Democrats and Republicans in the United States agree that China is a rival global power and a potential threat to the United States. During the election campaign, Donald Trump and Joe Biden competed with each other on the question of who is toughest against China.
Biden, as Barack Obama’s vice president, was still in favour of rapprochement with China, but has since changed his mind. He called Chinese president Xi Jinping a “crook” and criticised Trump’s trade war with China on several occasions for being ineffective and not protecting the American economy.
“Democrats and Republicans broadly agree on China,” says Heather Conley from the Center for Strategic and International Studies in Washington.
Biden knows that everything he does against China from the Republican side soon gets blamed for being inadequate.
If the new government wants to act as strongly against China as president Trump, then the international approach of Biden, together with traditional allies, could be more effective than Trump’s solistic approach, which also scoffed at close allies.
The Biden mulitilateral approach is similar to the European approach to trade disputes with China, where problems are negotiated within international organizations such as the World Trade Organisation and the G20.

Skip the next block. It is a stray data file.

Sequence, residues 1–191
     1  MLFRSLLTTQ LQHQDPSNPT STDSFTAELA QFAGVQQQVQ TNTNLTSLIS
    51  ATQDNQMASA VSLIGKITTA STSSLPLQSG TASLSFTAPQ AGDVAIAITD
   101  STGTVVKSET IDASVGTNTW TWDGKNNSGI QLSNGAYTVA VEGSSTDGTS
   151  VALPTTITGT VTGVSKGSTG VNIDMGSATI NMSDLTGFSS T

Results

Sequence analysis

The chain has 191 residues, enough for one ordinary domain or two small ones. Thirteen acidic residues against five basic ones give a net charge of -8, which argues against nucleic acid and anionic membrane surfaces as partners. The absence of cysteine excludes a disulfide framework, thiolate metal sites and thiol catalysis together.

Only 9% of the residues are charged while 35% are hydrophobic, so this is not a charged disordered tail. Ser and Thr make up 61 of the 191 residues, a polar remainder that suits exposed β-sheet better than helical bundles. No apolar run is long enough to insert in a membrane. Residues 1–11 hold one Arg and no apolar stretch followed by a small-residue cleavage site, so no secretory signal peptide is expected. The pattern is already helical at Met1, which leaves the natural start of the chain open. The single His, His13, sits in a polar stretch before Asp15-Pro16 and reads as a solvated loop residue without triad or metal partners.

This would mean that the EU and the US together would be a much greater counterweight to China’s growing economic influence than if the United States acted alone.
“My impression is that the attitude of the American government in regard to China is not going to change,” said the former european commissioner Ferdinando Nelli Ferrucci, now head of the Italian think-tank Istituto Affari Internazionali.
“What is likely to change is the way the struggle is conducted.”
”I believe that the Biden administration will involve the European allies in China’s approach and will formulate a new strategy without surprises, dictates, ultimatums and blackmail,” says Ferrucci.
So does Jim O’neill of the British think tank Chatham House. He told CNBC last week that he thinks China feels more threatened by a government led by Biden than by the Trump government, despite Trump’s continued hostility to Beijing.
”I think the Chinese are more concerned about a Biden government than about Trump,” said O’neill. “The Government of Biden will use international organizations such as the World Trade Organisation, the G20 and the World Bank to force China to comply with the standards of those organizations.”
There are already signs that the mulilateral approach to Biden can work. A leaked draft proposal from the European Commission, recognized by the Financial Times, calls for a new EU-US cooperation to provide a strategic response “to the threat of China’s increasing assertiveness.”
About the author: Christy Olsen
Christy Olsen, a young author who followed in her father's footsteps and took up journalism at school. She often introduces a lot of subjective things into his texts, always tries to state the essence and give a proper assessment.